But on the first day of the week, at early dawn, they went to the tomb, taking the spices they had prepared. And they found the stone rolled away from the tomb, but when they went in they did not find the body of the Lord Jesus. While they were perplexed about this, behold, two men stood by them in dazzling apparel. And as they were frightened and bowed their faces to the ground, the men said to them, “Why do you seek the living among the dead? He is not here, but has risen. Remember how he told you, while he was still in Galilee, that the Son of Man must be delivered into the hands of sinful men and be crucified and on the third day rise” (Luke 24.1-7). 


In the formless, void, dark empty tomb God said, “Let there be light,” and Jesus walked out a new creation. The light shines in the darkness and the darkness does not overcome it. When Jesus Christ walked out of the grave that morning, everything changed. Because Jesus resurrected he new creation started, for he himself is new creation. Because Jesus defeated death Satan’s head was crushed, for death, sin, and hell could not overcome God’s king (Christus Victor). When the Spirit of God breathed the breath of life into our 2nd Adam he created a new humanity, the church. God’s wrath was appeased by the substitutionary death of his son on the cross. When Jesus hung on the cross, he bore all of the sins of his people. God poured his wrath out on his Son, every last drop. Jesus’ resurrection is God’s stamp of approval that he accepted the sacrifice of Christ in our place. It is finished. The new creation started for those who trust in Christ by faith because our hearts are new creation. If anyone is in Christ he is a new creation, behold the old has gone and the new has come (2 Cor 5.17)!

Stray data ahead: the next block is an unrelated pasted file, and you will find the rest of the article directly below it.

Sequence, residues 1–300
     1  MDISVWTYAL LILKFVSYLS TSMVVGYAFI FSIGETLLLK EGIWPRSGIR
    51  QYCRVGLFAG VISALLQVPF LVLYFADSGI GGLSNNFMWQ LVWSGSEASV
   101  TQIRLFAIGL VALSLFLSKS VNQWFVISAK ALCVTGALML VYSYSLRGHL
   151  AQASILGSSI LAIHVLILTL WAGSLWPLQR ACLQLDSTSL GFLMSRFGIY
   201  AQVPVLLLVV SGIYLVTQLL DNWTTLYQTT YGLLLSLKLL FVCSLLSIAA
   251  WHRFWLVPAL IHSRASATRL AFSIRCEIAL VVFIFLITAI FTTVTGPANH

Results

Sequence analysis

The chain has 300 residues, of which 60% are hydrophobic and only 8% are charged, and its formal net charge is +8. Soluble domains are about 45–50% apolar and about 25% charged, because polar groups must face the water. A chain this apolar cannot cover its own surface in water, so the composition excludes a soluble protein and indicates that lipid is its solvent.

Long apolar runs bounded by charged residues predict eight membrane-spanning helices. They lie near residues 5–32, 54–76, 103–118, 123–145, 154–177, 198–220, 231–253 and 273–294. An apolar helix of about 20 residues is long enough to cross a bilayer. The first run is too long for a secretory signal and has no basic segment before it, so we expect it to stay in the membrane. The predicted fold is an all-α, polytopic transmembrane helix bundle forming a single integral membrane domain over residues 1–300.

This is the message of Easter that Jesus is the only man who’s never sinned. He could do so because he is truly God and truly human. Jesus died in the place of sinners on the cross thus exhausting the wrath of God. Jesus resurrected from the dead on the third day guaranteeing the hope of resurrection for all of his people. This is the message that we call the gospel, the good news. I don’t believe in coincidences. I believe in the total sovereignty of God, which means that no one in the room this morning is here by accident. God has brought you here so that I could stand here and give you this message. Repent of your sin and trust Christ by faith. Jesus died in your place. Jesus took God’s wrath so that you don’t have to. Jesus resurrected so that you can live in his kingdom now. Take Christ by faith this morning; this could be the moment for you that changes everything. 


The couple in the at&t commercial would never have given birth to a POTUS if the man hadn’t changed his ticket to chase that pretty girl. I wouldn’t have landed my pretty girl if I hadn’t texted her on that Valentine’s Day. There are moments in time that change everything. The resurrection of Jesus of Nazareth is the moment in time on which history is hinged. Everything before it was leading to it, and everything since it looks back at it. The resurrection of Christ is the meaning of history. It was God’s plan in eternity past and it will be the cause of our celebration for all of eternity future. Every human being, from every culture, for all of history can have forgiveness, meaning, and hope because of this moment. My prayer for you this morning is that you are trusting in the resurrection of Jesus. His death for your sin and his resurrection for your life is our only hope in life and death. The resurrection of Jesus Christ is the moment in time that changes everything.